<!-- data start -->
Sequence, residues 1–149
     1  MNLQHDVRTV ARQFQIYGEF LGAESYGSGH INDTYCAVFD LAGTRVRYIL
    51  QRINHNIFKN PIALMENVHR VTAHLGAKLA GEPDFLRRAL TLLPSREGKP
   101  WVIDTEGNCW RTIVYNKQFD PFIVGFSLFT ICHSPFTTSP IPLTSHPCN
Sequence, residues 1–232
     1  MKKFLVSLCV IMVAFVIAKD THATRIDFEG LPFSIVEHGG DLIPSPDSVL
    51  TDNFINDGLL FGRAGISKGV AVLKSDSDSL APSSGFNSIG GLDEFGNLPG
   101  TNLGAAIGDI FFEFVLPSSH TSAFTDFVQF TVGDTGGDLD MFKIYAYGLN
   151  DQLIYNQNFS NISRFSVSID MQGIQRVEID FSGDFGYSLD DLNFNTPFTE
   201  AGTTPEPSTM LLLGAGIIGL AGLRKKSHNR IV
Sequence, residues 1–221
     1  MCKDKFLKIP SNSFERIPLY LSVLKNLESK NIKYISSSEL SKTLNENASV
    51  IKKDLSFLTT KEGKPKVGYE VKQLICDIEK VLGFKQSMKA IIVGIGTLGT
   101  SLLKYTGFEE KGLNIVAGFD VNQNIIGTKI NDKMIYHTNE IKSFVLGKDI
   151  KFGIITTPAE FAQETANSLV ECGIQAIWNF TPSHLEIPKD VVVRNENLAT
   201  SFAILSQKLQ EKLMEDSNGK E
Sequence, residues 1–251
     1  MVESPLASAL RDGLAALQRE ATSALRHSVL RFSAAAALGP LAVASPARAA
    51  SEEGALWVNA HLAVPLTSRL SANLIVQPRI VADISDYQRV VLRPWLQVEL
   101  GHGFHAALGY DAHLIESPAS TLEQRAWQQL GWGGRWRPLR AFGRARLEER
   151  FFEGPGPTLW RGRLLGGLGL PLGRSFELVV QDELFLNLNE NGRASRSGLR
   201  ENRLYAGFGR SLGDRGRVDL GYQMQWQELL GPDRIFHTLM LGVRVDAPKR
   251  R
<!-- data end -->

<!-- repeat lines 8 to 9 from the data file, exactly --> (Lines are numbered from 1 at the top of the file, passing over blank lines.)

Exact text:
   101  TNLGAAIGDI FFEFVLPSSH TSAFTDFVQF TVGDTGGDLD MFKIYAYGLN
   151  DQLIYNQNFS NISRFSVSID MQGIQRVEID FSGDFGYSLD DLNFNTPFTE